Church discipline, as taught by Jesus and Paul, is the proper way of dealing with known sin in the church. And it doesn’t matter if the sinner is the newest member of the church or the pastor; where sin abounds grace can abound unto forgiveness and restoration, but only by the proper channels prescribed in God’s Word. When church discipline is ignored and sin is allowed to find safe harbor, the church can expect its compromises to lead to corruption and calamity as the Lord Himself moves to discipline His people for their wickedness. Church discipline, therefore, is the loving response to known, persistent sin.
Today the practice of church discipline languishes. Churches no longer take seriously the call to holiness; sin — even scandalous sin — tends to be winked at in the name of “love” and “toleration.” When was the last time you recall anyone in your church being publicly confronted with a known and persistent transgression, much less put out of the church for refusing to repent?
While church discipline thus languishes, the devil’s designs against the Lord and His body make great strides. Are we ignorant of his designs? If so, then let us agree with Paul that the devil has simply outwitted us (2 Corinthians 2:11), and let us agree to get back on track in dealing with sin the way Jesus and the apostles prescribed. We would not say it is loving to allow someone to drink poison and encourage others to do so as well. Just so, it is not loving to wink at sin in the name of tolerance. To do so is to affirm corrupt and corrupting behavior, and to set the sinner and the church on a collision course with the Lord.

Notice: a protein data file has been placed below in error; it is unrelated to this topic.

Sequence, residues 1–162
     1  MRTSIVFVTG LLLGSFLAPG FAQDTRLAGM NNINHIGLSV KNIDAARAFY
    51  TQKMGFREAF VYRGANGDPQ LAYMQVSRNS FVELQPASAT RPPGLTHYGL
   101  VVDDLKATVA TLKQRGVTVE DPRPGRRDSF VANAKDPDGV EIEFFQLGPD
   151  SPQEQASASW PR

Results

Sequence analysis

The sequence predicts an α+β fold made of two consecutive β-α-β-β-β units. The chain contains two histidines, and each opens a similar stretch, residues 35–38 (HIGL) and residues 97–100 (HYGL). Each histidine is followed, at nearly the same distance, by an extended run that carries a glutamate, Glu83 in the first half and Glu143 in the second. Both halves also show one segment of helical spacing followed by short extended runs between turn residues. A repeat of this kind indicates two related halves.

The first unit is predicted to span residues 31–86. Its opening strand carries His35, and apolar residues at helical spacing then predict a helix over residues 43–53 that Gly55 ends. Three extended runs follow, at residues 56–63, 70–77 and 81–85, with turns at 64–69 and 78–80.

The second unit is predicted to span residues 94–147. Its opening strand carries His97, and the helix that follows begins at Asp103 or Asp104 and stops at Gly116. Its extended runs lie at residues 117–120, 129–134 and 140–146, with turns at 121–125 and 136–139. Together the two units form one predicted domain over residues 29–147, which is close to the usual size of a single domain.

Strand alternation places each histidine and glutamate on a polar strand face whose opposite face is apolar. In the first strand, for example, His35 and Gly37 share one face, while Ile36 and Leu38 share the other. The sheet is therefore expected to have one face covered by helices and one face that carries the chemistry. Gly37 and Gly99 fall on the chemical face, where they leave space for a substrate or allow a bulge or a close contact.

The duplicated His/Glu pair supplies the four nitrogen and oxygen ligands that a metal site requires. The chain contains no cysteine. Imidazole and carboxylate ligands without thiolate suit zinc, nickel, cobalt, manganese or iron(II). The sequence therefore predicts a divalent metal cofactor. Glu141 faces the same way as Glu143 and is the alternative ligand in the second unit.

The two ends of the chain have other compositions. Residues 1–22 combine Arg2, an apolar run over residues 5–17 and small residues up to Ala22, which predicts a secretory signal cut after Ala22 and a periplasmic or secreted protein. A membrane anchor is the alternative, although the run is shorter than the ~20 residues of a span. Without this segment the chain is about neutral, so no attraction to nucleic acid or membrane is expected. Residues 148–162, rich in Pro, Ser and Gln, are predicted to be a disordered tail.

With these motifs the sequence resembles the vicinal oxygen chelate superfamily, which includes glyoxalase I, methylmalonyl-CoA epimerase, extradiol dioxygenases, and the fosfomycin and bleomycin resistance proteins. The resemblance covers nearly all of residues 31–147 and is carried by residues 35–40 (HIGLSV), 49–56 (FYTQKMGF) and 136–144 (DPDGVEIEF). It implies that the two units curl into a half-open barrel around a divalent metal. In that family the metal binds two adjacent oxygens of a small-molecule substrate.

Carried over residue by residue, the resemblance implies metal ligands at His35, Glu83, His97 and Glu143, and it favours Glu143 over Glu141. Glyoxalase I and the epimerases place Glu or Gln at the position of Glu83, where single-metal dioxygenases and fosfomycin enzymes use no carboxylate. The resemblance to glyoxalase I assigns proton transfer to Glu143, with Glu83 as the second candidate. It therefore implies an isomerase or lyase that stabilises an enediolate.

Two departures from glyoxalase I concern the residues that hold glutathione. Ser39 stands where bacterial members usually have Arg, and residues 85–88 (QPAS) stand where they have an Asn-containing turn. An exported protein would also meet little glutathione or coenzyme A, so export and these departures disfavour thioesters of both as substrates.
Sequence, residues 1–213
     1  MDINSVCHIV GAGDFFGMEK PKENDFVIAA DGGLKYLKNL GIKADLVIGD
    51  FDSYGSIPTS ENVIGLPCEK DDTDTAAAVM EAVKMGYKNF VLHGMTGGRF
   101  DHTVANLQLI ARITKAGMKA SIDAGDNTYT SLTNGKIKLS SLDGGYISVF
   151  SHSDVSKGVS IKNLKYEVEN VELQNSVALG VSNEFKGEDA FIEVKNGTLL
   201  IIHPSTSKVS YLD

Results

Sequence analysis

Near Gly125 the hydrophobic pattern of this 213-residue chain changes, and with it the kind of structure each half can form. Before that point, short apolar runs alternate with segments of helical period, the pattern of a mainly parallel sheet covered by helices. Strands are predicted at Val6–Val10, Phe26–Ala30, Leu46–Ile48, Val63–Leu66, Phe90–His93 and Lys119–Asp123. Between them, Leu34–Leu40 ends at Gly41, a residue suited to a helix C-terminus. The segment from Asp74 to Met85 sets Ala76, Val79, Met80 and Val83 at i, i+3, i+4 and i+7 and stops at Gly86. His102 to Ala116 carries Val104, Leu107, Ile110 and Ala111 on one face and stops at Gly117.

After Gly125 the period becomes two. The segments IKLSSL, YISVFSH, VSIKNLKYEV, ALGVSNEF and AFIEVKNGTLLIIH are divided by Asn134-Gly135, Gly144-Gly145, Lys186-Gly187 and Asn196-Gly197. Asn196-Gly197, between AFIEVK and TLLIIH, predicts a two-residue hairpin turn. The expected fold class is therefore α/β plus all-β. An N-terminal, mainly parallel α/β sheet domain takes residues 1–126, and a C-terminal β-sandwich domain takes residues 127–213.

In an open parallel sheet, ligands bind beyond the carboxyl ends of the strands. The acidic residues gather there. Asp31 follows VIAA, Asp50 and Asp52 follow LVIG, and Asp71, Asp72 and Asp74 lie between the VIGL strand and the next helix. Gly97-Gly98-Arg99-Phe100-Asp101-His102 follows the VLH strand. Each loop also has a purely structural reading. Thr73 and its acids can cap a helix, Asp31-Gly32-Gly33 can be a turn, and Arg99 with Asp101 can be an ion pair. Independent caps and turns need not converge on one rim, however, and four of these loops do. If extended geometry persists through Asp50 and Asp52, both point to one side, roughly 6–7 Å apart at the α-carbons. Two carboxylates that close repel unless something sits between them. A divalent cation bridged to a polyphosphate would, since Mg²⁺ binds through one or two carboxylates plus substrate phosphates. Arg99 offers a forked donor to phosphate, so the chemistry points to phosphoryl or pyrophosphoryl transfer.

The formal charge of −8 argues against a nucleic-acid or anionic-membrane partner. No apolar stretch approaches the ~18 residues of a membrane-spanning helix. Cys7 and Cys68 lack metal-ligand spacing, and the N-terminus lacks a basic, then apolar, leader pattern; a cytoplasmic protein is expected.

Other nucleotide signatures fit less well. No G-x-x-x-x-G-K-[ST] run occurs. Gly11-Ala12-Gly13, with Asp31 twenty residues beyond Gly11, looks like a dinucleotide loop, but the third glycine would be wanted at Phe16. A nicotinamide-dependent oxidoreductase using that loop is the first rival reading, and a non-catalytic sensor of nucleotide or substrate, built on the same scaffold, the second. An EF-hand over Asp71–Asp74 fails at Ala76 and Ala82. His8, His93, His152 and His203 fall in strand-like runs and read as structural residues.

How would you proceed to confront someone in your church who was practicing known sin? Why does love require this of you?
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T. M. Moore is dean of the Centurions Program of the Wilberforce Forum and principal of The Fellowship of Ailbe, a spiritual fellowship in the Celtic Christian tradition. He is the author or editor of seventeen books, and has contributed chapters to four others. His essays, reviews, articles, papers, and poetry have appeared in dozens of national and international journals, and on a wide range of websites. His most recent books are The Ailbe Psalter and The Ground for Christian Ethics, (Waxed Tablet). He and his wife and editor, Susie, make their home in Concord, Tenn.